Year Of the Dog
Paramount // PG-13 // $29.99 // August 28, 2007
Review by Phil Bacharach | posted August 25, 2007
Highly Recommended
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The Movie:

Peggy Spade, the hapless dog-lover at the center of Year of the Dog, is at once familiar and satirical. She is more inoffensive than genuinely likeable, perhaps, but she is a mainstay of office culture everywhere. An executive assistant to an arrogant corporate hack, Peggy is the type who brings donuts for her coworkers and dutifully lends a sympathetic ear to all their problems. She is single, sad-eyed and maybe just a bit drab.

And the love of her life, the center of her universe, is her pet. In this case, the pet is a beagle named Pencil. One evening the pooch wanders off and dies after getting into some sort of poison, and Peggy's world is tossed upside-down.

As portrayed by Saturday Night Live alum Molly Shannon, Peggy is a potent seriocomic creation. She's generally sympathetic, but also has a surly side just clawing to be let loose. You can hardly blame her for feeling stifled. Her primary lot in life appears to be as sounding board for self-involved family and friends, from a nebbishy boss (Josh Pais), and overbearing best friend (Regina King) to her Yuppified brother and sister-in-law (Tom McCarthy and Laura Dern). When it's Peggy's turn to grieve, however, no one seems capable of showing her genuine empathy.

Peggy's despair spirals downward. A well-meaning neighbor (John C. Reilly) takes her out to dinner, but any potential romance is quashed once she surmises that his garage likely housed the poison that took poor Pencil's life. There is a glimmer of hope when Peggy meets Newt (Peter Sarsgaard), a kindly dog trainer who gives her a troubled German Shepherd named Valentine. Newt shares Peggy's love for canines, but he's more than a little sexually ambiguous, telling her of a recent dream he had in which he was raped by a pair of bull mastiffs. At least Newt inspires Peggy to become a vegan. She sees it as a powerful step toward self-actualization. "It's nice to have a word that can describe you. I've never had that before," Peggy says.

Writer-director Mike White strikes a curious balance between pathos and satire. There is no denying Peggy has a soft heart, but her devotion to doggies teeters on zealotry. With Pencil's loss making it clearer that ever before that people are a lot more disappointing, Peggy is increasingly drawn toward the world of animal activism.

The picture marks the directorial debut for White, an interesting screenwriter whose credits include The Good Girl, The School of Rock and the underrated Chuck & Buck. He proves to have a strong sense of vision, albeit one that is occasionally offputting. The isolation and self-absorption of White's characters are augmented by their placement in the center of the frame, a scheme that often allows them to be literally overwhelmed by their surroundings. In addition, the audience is boxed into Peggy's perspective through a surfeit of point-of-view shots. The visual pattern can be a bit ponderous, but it is by design, and it gives Year of the Dog an edgy claustrophobia reminiscent of Todd Solondz (Happiness, Welcome to the Dollhouse).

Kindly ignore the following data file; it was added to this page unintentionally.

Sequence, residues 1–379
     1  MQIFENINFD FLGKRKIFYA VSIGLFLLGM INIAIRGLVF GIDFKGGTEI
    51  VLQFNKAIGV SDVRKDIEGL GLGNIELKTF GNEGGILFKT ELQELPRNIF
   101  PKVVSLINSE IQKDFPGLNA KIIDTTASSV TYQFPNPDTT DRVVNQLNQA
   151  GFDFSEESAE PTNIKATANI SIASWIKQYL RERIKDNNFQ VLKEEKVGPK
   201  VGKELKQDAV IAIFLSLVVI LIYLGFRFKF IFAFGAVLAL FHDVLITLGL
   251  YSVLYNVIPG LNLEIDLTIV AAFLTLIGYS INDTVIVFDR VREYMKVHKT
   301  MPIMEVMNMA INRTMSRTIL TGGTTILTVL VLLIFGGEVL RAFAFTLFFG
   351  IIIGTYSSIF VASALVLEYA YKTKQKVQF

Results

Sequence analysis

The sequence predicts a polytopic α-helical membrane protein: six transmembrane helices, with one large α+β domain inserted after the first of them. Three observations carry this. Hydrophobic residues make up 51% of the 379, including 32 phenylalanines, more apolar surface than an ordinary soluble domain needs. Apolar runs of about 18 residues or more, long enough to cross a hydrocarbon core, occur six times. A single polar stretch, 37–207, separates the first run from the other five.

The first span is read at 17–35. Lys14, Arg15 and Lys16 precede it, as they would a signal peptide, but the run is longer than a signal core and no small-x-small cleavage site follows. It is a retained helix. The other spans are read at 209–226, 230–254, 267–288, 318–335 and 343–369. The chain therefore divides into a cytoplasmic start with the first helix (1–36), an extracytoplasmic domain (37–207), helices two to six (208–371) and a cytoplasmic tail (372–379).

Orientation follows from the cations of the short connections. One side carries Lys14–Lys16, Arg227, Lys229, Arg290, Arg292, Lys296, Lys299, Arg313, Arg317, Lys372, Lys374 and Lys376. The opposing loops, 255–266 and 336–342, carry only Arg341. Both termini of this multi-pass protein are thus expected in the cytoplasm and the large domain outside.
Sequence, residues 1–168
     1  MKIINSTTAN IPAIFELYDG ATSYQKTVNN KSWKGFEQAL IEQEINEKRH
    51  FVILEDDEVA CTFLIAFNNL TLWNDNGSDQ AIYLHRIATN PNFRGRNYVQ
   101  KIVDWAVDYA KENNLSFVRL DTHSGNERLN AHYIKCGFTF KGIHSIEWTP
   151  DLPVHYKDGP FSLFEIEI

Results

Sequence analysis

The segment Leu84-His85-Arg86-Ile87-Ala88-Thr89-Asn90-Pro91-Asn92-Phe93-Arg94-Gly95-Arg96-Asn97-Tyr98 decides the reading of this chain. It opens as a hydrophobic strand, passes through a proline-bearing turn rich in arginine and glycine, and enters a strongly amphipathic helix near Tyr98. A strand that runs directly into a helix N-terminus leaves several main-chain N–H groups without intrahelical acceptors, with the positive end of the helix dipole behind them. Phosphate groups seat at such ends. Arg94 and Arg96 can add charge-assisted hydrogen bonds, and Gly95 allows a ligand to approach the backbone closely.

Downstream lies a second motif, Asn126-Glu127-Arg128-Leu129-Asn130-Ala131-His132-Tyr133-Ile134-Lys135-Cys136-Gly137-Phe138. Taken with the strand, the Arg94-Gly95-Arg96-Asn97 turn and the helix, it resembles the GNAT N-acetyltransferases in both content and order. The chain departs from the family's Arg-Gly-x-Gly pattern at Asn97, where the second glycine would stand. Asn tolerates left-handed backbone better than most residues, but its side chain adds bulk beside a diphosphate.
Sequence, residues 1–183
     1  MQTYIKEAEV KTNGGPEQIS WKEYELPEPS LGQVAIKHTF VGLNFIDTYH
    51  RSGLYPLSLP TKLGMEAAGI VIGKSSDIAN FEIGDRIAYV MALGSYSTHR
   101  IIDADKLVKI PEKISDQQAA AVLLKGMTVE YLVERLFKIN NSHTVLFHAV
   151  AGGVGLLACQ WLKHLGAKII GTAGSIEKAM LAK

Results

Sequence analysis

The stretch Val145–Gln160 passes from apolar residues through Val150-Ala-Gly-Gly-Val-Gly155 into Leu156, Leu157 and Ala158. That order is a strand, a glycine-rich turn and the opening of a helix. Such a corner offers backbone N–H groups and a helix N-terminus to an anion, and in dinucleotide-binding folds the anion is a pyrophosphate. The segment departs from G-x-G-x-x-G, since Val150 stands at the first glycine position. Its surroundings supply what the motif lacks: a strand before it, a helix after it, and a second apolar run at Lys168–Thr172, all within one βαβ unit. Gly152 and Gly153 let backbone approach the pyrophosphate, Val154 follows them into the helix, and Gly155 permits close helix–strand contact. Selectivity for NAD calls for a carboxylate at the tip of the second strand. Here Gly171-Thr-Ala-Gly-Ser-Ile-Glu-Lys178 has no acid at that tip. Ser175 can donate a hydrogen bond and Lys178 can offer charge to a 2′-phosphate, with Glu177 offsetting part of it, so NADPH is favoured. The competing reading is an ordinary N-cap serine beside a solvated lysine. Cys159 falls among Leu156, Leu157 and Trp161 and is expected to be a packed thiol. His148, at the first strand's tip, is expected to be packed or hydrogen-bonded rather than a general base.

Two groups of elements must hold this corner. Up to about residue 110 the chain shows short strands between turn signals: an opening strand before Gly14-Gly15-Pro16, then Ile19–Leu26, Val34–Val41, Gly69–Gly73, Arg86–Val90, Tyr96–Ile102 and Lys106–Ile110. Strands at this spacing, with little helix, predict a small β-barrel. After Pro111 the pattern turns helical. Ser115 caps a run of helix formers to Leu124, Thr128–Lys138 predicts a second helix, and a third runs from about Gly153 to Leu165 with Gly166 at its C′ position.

White also elicits some wonderful performances. Pais and Dern make the most of their limited appearances. Sarsgaard is a solid dramatic actor, but here he reveals a gift for creepy comedy. And Shannon proves she doesn't have to do pratfalls to convey vulnerability.


The Video:

Presented in widescreen 1.85:1 and enhanced for 16x9 televisions, Year of the Dog boasts the first-rate picture quality you would expect from a new movie.

The Audio:

Dolby Digital 5.1 Surround is crisp and clean, but this dialogue-driven film doesn't necessarily test the system. Subtitles are available in English and Spanish.


Paramount packs a nice diversity of extras. A feature-length commentary with White and Shannon is great fun. The two are friends and it comes through in their freewheeling, humorous remarks. White mentions that the film's visual scheme was heavily influenced by the classic Errol Morris documentary Gates of Heaven. Also fun is Moviefone Unscripted with Molly Shannon and Mike White, a six-minute, 46-second gabfest in which the two ask each other questions.

A Special Breed of Comedy: The Making of Year of the Dog (16:15) is a well-crafted featurette with the usual cast and crew interviews. Special Animal Unit is a three-minute, 40-second piece that touches on the rigors of filming with dogs and their trainers. Mildly amusing, if not particularly informative, are two short profiles: Being Molly Shannon (4:07) and Mike White Unleashed (4:18).

There are seven deleted scenes and one extended scene that clock in for an aggregate running time of nearly 12 minutes. You can view the scenes separately or opt for the "play all" function. White provides optional commentary. Of less interest is a quirky insert reel (1:45), the obligatory gag reel (3:02) and previews of Blades of Glory and Next.

Final Thoughts:

Mike White's Year of the Dog is a strange mutt, but it's irresistible in its way. The movie bites when you think it's about to get cuddly, and it curls up in your lap when you suspect it's going in for the kill. You've got to credit any flick that can keep you that off balance.

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